News / Asia

    Deadly Protests Against Quran Burning Spread in Afghanistan

    An Afghan National Army soldiers keeps watch after an attack at Camp Phoenix in Kabul April 2, 2011
    An Afghan National Army soldiers keeps watch after an attack at Camp Phoenix in Kabul April 2, 2011

    At least nine people were killed in southern Afghanistan Saturday in a second day of protests against a Quran burning by a radical Christian church in the United States.

    Security forces fired shots into the air to disperse the protesters as they marched through the streets of Kandahar city, setting cars and buildings on fire.

    The Saturday riots came a day after a group of people stormed the United Nations complex in the northern city of Mazar-i-Sharif, killing seven foreign workers.

    The U.N. special representative in Kabul, Staffan de Mistura, said Saturday a group of insurgents had infiltrated Friday's protest and launched the deadly attack.  He stressed that the attack on the U.N. mission will not deter the world body's presence in the country.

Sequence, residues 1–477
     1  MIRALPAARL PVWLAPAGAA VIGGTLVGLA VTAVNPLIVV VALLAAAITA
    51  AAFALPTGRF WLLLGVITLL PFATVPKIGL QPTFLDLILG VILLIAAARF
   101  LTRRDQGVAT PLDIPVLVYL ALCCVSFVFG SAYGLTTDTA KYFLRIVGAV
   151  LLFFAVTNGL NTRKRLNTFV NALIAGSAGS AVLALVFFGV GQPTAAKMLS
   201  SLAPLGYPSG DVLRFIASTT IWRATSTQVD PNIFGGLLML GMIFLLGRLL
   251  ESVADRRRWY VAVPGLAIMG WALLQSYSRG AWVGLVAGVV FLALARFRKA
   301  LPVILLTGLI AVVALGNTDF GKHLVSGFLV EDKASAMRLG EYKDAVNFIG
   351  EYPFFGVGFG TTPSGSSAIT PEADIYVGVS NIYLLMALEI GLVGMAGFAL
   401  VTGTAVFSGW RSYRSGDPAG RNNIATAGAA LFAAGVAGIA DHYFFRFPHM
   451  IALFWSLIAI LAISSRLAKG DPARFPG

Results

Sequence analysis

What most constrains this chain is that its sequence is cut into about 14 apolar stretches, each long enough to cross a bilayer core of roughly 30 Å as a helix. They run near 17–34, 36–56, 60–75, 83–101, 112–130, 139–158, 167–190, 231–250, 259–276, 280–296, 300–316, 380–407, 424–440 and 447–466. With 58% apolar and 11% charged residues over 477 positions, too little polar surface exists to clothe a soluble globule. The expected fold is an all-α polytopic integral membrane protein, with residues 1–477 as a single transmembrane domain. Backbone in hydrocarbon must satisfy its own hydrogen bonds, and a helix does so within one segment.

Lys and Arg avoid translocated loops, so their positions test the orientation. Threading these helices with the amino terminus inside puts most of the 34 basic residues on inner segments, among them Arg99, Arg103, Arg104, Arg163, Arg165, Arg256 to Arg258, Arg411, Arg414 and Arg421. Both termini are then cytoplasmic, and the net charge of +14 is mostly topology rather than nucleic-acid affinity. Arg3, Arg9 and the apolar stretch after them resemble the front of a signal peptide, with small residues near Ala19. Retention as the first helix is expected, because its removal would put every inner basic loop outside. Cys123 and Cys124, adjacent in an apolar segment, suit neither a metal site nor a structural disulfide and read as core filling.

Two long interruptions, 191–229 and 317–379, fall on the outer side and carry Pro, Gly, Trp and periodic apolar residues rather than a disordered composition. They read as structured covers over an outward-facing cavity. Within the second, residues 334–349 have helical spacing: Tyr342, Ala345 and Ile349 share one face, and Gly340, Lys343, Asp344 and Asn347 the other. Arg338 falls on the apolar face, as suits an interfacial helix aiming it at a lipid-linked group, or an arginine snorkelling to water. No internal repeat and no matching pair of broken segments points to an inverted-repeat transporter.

U.N. Secretary-General Ban Ki-moon called Afghan President Hamid Karzai Saturday to express his shock.  He also spoke by telephone with the prime minister of Nepal, Jhala Nath Khanal, and the foreign ministers of Norway, Sweden and Romania to express his deep condolences on the deaths of their citizens in the attack.

    Commander of U.S. and NATO forces in Afghanistan, U.S. General David Petraeus, joined Mr. Karzai, NATO Secretary-General Anders Fogh Rasmussen and the international community in strongly condemning Friday's killings.

    Also Saturday, NATO officials said insurgents wearing women's clothing attacked a coalition base in Kabul.

    NATO said three militants - two of them suicide bombers - were killed in the attack and three NATO service members were slightly wounded.

    In eastern Kunar province, two NATO air weapons teams supporting ground troops killed numerous insurgents.

    On Friday, coalition forces confirmed that a joint Afghan-NATO unit killed a known Taliban suicide attack network leader in northern Kunduz province.  A coalition statement says the insurgent was directly responsible for the February 21 suicide attack against a district governor's office that killed 29 civilians and one police officer, and wounded 36 other civilians.

    Some information for this report was provided by AP and Reuters.

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